Read/Write Smart Contracts

By knowing the functions available to a contract, we can programmatically use them — in situations where the project websites are down or when you need to automate certain transactions.

1. Setting up a Node.js project

In a new folder, initiate a new Node.js project with the command npm init -y to accept all default project parameters.

A package.json file will be created for you, which contains all your packages and project information.

2. Obtaining a contract's ABI

Create a new file named script.js.

In JavaScript, we'll be writing our code to make a request to the endpoint "Get Contract ABI for Verified Contract Source Codes", which you will need to specify your verified contract address.

https://api.gnosisscan.io/api?module=contract&action=getabi&address=0xFc7a5BD22dFc48565D6f04698E566Dd0C71d3155&apikey=YourApiKeyToken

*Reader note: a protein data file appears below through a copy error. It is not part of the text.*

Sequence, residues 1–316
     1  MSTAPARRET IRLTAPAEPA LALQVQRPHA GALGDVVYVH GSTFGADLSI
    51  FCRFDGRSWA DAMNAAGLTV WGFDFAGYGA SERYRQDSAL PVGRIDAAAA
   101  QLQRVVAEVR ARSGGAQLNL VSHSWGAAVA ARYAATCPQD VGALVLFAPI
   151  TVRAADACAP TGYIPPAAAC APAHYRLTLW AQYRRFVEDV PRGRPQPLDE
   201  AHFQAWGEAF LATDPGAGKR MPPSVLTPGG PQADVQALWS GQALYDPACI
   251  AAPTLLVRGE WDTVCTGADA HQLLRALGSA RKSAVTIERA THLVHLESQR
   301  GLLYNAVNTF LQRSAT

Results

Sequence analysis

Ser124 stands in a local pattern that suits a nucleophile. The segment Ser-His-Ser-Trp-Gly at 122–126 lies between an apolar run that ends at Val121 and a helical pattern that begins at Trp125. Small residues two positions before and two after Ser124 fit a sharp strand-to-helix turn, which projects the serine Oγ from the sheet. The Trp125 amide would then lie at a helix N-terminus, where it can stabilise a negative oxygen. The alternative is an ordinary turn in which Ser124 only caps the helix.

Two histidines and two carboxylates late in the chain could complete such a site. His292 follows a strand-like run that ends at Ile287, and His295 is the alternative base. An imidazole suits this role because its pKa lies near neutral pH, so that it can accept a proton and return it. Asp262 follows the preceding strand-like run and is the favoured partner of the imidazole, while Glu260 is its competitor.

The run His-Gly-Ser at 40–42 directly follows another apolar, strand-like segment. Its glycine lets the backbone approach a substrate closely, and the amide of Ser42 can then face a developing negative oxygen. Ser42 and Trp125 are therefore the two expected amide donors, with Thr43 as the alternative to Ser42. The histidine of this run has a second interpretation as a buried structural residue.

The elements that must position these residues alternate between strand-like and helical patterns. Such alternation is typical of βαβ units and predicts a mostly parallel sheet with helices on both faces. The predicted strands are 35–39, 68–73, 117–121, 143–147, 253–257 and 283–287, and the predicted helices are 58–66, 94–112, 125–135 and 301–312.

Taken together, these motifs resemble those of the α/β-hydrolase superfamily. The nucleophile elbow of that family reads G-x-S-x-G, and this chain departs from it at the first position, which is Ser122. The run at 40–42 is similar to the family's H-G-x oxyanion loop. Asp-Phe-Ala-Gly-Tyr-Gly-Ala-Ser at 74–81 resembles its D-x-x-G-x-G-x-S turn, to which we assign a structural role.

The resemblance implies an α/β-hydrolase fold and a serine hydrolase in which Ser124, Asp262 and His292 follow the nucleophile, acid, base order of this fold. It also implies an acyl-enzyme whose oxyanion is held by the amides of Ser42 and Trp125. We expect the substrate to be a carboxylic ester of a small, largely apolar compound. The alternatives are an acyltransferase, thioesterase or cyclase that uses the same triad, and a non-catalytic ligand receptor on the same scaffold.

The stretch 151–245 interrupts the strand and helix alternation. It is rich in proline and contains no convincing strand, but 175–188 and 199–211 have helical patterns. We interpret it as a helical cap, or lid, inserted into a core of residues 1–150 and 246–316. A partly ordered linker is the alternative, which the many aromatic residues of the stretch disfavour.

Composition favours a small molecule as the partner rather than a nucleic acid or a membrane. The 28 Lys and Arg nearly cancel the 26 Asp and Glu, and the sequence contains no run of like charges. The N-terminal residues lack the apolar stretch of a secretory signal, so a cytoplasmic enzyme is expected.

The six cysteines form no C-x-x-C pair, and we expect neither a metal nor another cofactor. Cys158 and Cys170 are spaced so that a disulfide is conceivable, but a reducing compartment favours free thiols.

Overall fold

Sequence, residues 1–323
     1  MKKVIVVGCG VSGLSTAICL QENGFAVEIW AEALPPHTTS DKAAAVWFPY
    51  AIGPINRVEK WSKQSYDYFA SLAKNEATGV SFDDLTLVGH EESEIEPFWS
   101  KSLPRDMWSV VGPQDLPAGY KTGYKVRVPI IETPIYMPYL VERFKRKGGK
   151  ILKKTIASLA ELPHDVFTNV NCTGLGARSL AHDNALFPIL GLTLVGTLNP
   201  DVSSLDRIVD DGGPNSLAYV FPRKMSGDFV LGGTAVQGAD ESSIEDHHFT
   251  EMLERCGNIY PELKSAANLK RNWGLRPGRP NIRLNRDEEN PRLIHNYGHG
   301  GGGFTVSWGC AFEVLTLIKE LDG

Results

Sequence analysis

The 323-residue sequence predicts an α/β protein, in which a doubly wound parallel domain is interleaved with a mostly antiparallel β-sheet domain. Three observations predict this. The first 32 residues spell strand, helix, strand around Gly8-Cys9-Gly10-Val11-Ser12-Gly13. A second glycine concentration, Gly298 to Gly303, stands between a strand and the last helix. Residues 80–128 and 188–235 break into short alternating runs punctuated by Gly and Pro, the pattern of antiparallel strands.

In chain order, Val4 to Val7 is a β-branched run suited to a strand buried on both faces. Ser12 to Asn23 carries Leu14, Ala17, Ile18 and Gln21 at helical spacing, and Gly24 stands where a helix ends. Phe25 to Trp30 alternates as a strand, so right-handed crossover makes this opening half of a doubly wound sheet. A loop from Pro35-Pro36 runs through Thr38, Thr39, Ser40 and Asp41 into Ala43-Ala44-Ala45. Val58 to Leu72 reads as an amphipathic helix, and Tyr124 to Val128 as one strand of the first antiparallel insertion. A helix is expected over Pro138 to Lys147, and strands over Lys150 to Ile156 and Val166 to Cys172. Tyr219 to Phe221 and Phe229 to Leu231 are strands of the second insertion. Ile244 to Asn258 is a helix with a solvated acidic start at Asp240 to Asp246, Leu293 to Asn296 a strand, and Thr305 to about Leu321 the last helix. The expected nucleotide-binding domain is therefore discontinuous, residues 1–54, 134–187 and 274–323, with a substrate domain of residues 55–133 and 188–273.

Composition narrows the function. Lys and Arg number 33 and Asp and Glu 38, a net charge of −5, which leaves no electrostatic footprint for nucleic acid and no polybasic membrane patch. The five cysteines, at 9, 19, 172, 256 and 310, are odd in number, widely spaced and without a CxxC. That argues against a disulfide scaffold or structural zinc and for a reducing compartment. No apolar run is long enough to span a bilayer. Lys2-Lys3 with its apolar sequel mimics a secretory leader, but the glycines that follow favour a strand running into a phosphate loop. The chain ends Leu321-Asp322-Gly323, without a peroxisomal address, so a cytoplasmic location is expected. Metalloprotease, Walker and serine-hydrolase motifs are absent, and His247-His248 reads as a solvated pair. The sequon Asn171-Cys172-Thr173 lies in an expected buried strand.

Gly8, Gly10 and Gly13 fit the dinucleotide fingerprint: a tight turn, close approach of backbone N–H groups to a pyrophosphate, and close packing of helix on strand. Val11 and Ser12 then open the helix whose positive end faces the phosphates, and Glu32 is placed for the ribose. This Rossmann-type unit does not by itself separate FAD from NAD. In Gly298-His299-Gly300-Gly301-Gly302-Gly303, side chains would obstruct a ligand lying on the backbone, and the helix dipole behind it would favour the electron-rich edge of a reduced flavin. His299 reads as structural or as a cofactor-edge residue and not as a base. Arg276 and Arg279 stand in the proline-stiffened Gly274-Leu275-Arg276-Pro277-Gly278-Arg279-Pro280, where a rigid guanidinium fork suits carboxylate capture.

For this example, we'll be using a contract specifically deployed for this tutorial on the Gnosis mainnet.

const ethers = require("ethers");

async function main() {
      // make an API call to the ABIs endpoint 
    const response = await fetch('https://api.gnosisscan.io/api?module=contract&action=getabi&address=0xFc7a5BD22dFc48565D6f04698E566Dd0C71d3155&apikey=YourApiKeyToken');
    const data = await response.json();

    // print the JSON response 
    let abi = data.result;
    console.log(abi);

}

main();

3. Connecting to a node

To interact with smart contracts, we will need a connection to a Gnosis node.

In this case we're using a public RPC endpoint hosted by Gnosis. You can find other public RPC endpoints on ChainList.

4. Integrating Ethers.js

We'll need to integrate a JavaScript library, known as Ethers.js that will be used to interact with the Gnosis blockchain.

To do so, run the command npm i ethers from a terminal within this project directory to install it.

Ethers.js provides several classes such as a Provider, which represents the state of the Gnosis blockchain. We can create a new Provider using the syntax below, and pass in our node URL to initiate a connection to the Ethereum network.